Never say my condolences again.

Toto'sDad

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You’re not just going to be laid by the side of the road like some old highline pole?
That's probably what will happen, since when the guys break for lunch, somebody will probably come and steal the casket for a relative that be needing it over across the river in Oildale. Probably lean me up by a highline pole and park a Walmart shopping cart next to me, and I'd just blend right in. Stick a sign on me that says, need money, the cops will kick it in passing gear when they go by.
 

nojazzhere

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I used to usually say, "Sorry for your loss".......but somewhere in the 1980's that was heard in every TV show being made, and it sounds like a tired and unoriginal cliche now. Now, I usually say sorry about your mom/sister/wife etc. Having lost both my parents, I feel nothing anyone can say really makes me feel better, but at the same time ANYTHING they might say is a little comforting. Just remember....they all MEAN WELL, and time will make the pain a little more bearable.
(apologies to TD and others who have lost children.....I can't imagine anything ever making that better. :( )
 

Buckaroo65

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That's probably what will happen, since when the guys break for lunch, somebody will probably come and steal the casket for a relative that be needing it over across the river in Oildale. Probably lean me up by a highline pole and park a Walmart shopping cart next to me, and I'd just blend right in. Stick a sign on me that says, need money, the cops will kick it in passing gear when they go by.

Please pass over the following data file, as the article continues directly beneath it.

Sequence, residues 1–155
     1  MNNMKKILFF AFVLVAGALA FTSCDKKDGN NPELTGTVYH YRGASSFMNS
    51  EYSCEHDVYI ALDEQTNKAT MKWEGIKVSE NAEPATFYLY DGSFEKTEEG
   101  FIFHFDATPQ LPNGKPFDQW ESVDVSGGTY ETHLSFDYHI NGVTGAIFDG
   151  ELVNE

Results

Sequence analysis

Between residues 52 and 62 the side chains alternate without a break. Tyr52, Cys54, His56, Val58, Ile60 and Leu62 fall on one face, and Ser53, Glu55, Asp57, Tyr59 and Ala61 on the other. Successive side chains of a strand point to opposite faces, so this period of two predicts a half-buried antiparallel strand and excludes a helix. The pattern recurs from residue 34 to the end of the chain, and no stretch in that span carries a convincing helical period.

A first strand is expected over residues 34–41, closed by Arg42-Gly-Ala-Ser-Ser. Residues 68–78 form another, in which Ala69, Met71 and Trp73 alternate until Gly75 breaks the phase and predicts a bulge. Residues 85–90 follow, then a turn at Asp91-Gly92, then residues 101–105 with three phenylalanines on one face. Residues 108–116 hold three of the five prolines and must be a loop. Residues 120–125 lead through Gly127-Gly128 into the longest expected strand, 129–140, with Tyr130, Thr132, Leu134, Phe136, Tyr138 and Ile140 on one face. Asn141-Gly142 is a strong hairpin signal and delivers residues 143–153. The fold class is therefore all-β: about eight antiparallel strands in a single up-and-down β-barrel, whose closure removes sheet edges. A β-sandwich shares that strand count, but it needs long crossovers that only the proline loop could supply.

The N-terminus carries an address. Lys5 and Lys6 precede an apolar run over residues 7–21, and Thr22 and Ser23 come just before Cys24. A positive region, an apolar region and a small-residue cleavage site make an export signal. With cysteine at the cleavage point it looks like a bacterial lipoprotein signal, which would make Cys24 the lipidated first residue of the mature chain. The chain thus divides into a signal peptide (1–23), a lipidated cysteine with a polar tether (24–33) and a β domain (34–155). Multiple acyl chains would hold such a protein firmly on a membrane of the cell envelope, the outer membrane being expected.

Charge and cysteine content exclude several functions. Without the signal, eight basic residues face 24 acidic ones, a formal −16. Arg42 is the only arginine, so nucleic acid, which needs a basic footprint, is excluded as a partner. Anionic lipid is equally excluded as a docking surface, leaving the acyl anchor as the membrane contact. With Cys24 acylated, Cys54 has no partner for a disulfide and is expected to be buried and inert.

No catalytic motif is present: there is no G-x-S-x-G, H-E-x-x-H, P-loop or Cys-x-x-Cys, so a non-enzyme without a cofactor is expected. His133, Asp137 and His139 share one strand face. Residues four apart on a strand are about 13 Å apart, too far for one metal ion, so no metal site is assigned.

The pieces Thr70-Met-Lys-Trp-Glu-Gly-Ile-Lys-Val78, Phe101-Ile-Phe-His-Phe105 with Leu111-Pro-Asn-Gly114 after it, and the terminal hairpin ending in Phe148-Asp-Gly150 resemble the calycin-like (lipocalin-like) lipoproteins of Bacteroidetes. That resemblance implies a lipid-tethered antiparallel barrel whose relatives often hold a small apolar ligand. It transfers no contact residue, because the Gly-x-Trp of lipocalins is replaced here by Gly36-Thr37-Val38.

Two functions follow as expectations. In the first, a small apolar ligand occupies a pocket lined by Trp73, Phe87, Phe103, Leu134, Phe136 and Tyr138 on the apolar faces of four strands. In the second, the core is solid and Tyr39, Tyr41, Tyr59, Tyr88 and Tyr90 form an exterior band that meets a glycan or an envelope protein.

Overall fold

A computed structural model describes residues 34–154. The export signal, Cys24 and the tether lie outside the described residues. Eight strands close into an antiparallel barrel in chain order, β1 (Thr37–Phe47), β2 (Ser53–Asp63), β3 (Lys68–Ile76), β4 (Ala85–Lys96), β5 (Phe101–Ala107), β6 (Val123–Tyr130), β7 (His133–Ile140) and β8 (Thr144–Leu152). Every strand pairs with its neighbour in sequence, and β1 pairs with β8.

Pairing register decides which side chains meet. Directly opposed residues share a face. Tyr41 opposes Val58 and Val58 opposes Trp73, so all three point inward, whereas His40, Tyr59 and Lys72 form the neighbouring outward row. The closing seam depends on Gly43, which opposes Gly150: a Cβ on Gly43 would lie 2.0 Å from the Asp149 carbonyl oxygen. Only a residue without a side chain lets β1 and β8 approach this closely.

My sister works in Oildale. I’ll have her stop and put a box of donuts in your cart so the cops will pull over and talk to you.
 

PhoenixBill

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Ten years ago, I found the woman I loved lying dead on my living room floor. I was devastated beyond description. People showed up for visiting and the funeral and I’m sure they said things to me but I don’t know what; nothing they said even registered. Nothing could bring her back. Nothing could ease my grief. Nothing could take away my pain, nothing could diminish my agony. Nothing could repair the hole in my heart (which still hasn’t completely healed after ten years, to be honest). Yet, even though their words perhaps may have been awkward or clumsy or even trite, they cared enough to stop what they were doing and show up. They offered empathy and I am grateful that they cared enough to come.
 

Nightclub Dwight

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Ten years ago, I found the woman I loved lying dead on my living room floor. I was devastated beyond description. People showed up for visiting and the funeral and I’m sure they said things to me but I don’t know what; nothing they said even registered. Nothing could bring her back. Nothing could ease my grief. Nothing could take away my pain, nothing could diminish my agony. Nothing could repair the hole in my heart (which still hasn’t completely healed after ten years, to be honest). Yet, even though their words perhaps may have been awkward or clumsy or even trite, they cared enough to stop what they were doing and show up. They offered empathy and I am grateful that they cared enough to come.
It didn't seem right to "like" your post, so instead let me just say that you lived through my worst fear. Sometimes hearing other people talk about things like this puts it into better context within our own minds. So, in a way, your short paragraph here has helped me.
 

Nightclub Dwight